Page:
Wildfire cameras equipped with artificial intelligence technology are designed to flag fire starts and other anomalies for emergency personnel.
Many of the growing number of lookout cameras stationed across California to locate and monitor wildfires will soon be equipped with artificial intelligence technology to speed response to fires and other natural disasters as they first unfold.
Cal Fire’s Sonoma-Lake-Napa unit is among six regional units testing the new technology this fire season in collaboration with the ALERTCalifornia system run through UC San Diego. The Sonoma-Lake-Napa unit covers six counties, including Colusa, Solano and Yolo counties.
Fed with regional geographical and topographical information supplied by UCSD, the AI-equipped system picks up on aberrations — like new fire starts — in the camera feed.
It then prompts a box to be drawn around the area in the camera view, alerting those monitoring the cameras to take a closer look because “this could be something,” said Caitlin Scully, communication program manager for ALERTCalifornia. (ALERTCalifornia, formerly part of the ALERTWildfire camera network, is now a stand-alone entity focused only on California.)
“It’s helping to flag those anomalies so the fire men and women can spot potential starts sooner,” Scully said. “So really what it’s doing is helping push down the response time to make that response time quicker and more efficient.”
Cal Fire Sonoma-Lake-Napa Chief Mike Marcucci said the artificial intelligence component “is truly another tool in the toolbox.”
“It is allowing us to be more efficient and to have more situational awareness before we arrive at the scene,” Marcucci said. “Before this program, we would get a 911 call and we would have to spin the cameras to the area. This technology now does this for us.”
The trial program is part of an effort by Cal Fire to pursue cutting edge technology to aid its mission, made possible in part through the agency’s new Office of Wildfire Technology, Research and Development created by legislation authored by state Sen. Bill Dodd, D-Napa, in 2021.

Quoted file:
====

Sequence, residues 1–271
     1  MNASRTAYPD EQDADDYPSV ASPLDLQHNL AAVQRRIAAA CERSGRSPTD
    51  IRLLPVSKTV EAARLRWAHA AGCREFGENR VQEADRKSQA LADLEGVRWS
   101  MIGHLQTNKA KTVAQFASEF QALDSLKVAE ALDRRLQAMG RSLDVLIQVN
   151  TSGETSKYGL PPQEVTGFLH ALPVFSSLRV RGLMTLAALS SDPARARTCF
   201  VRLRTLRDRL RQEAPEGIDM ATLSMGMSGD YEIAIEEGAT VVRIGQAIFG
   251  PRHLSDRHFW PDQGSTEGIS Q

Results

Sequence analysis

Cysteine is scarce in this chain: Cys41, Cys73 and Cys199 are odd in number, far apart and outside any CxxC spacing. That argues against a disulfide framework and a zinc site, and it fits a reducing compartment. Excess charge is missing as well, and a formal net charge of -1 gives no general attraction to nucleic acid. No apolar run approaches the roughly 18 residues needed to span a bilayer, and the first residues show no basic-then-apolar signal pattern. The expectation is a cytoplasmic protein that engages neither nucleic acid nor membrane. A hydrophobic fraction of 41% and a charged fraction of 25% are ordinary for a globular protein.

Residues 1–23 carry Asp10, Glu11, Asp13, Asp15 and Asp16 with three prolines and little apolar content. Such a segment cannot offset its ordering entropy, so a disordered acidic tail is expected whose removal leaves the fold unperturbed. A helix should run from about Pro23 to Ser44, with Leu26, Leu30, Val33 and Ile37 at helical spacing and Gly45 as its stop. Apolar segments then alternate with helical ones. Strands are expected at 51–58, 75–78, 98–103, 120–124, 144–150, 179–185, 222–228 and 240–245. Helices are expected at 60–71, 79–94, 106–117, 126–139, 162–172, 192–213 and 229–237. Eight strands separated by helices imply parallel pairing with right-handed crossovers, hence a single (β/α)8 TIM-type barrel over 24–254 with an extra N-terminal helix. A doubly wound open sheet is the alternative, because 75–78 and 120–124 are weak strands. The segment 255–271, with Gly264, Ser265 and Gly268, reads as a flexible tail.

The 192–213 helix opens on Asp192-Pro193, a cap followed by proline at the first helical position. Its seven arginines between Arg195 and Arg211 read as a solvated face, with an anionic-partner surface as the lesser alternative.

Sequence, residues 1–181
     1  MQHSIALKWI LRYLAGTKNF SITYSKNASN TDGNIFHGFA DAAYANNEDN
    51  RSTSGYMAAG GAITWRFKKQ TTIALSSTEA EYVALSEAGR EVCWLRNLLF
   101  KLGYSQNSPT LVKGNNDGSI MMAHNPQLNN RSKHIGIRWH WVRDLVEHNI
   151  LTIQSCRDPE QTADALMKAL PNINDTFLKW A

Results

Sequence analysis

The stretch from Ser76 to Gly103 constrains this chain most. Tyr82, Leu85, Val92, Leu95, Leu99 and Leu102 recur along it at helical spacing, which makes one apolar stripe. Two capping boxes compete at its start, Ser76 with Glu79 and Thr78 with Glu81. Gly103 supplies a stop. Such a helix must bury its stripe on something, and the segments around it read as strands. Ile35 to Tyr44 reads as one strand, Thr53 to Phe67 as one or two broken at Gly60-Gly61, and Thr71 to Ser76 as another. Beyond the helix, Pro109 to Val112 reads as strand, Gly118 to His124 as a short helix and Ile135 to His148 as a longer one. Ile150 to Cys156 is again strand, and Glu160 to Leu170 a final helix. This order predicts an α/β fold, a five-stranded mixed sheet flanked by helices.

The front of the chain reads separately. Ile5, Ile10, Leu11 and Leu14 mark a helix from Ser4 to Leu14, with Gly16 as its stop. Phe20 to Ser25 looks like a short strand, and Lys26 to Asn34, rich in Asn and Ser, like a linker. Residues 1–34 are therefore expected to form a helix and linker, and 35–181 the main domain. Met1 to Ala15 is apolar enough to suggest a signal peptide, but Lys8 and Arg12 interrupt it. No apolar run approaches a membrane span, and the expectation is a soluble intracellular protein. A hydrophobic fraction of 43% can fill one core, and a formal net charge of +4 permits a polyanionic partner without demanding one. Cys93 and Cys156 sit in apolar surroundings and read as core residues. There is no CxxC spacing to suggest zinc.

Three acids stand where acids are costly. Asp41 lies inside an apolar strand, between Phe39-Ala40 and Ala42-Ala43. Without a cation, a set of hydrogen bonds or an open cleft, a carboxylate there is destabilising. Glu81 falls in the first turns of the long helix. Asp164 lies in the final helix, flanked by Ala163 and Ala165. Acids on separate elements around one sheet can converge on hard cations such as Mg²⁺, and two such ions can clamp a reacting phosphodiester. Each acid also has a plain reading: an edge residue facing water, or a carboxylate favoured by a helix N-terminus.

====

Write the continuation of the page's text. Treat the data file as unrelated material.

Benjamin Rogers, assistant deputy director at the office, said the ALERTCalifornia system is among several being tested by Cal Fire at different sites.
Sensors installed in May in a pilot area at the Jackson Demonstration Forest in Mendocino County were designed to detect fire starts in dark, densely forested areas utilizing artificial intelligence to detect changes in the air and to distinguish campfires from “fires of significance and fires of insignificance.”
The sensors are designed to detect wildfires “within minutes, often during their early smoldering phase, greatly reducing the risk of spreading or becoming larger or more catastrophic,” Cal Fire said. They also monitor forest microclimates, temperature, humidity and air pressure in dark, dense areas of the forest with limited connectivity, due to the remote, rugged terrain.
The ALERTCalifornia system is a natural partner for Cal Fire, having grown as a network substantially over the past 20 years through several iterations.
The statewide system now boasts 1,032 high-definition cameras — 199 of them sponsored by Cal Fire — strategically deployed around California.
With pan-tilt and zoom capabilities and near-infrared night vision, they provide 24-hour surveillance and 360-degree sweeps every two minutes, some of them monitoring the same peaks and ridge tops from different perspectives. The devices can provide views of up to 60 miles during a clear day and up to 120 miles during a clear night.
Authorized personnel also can train the cameras on specific points to monitor unfolding events.
The state fire agency has invested $20.3 million in the system, with a commitment to provide at least $3.5 million more in the coming year, Cal Fire said.
Many members of the public also have become familiar with the system, using the public-facing camera views to monitor wildfires in their vicinity. The cameras also are now being placed beyond areas at high risk of wildfire to monitor other natural disasters, including atmospheric rivers and flooding, Scully said.
“Really, within the last five years or so, the network has exploded with the amount of growth,” Scully said. “We’ve doubled the amount of cameras really, in the last three years, because they’ve proven to be an amazing tool.”
Before the addition of artificial intelligence, the cameras functioned similarly to security cameras, simply recording the views.
“The AI will provide additional data from which firefighters can decide how to respond,” said Dr. Neal Driscoll, who serves as the principal investigator of ALERTCalifornia. “We want to have data-driven decisions.”
Only trained emergency responders will have access to the AI-enhanced views, though Driscoll suggested anyone in wildfire country become familiar with the public site.
“The public can see which cameras have been moved and they can time-lapse and zoom the cameras,” he said. “We recommend that you get comfortable with the platform — get familiar with where your street address is on the map and where certain features are — so in the case of an event, it is not the first time you’ve been on the website.”
Along with Sonoma-Lake-Napa unit, the AI trial program will be implemented in the San Bernadino, Madera-Mariposa-Merced, Nevada-Yuba-Placer, Shasta-Trinity and San Luis Obispo units.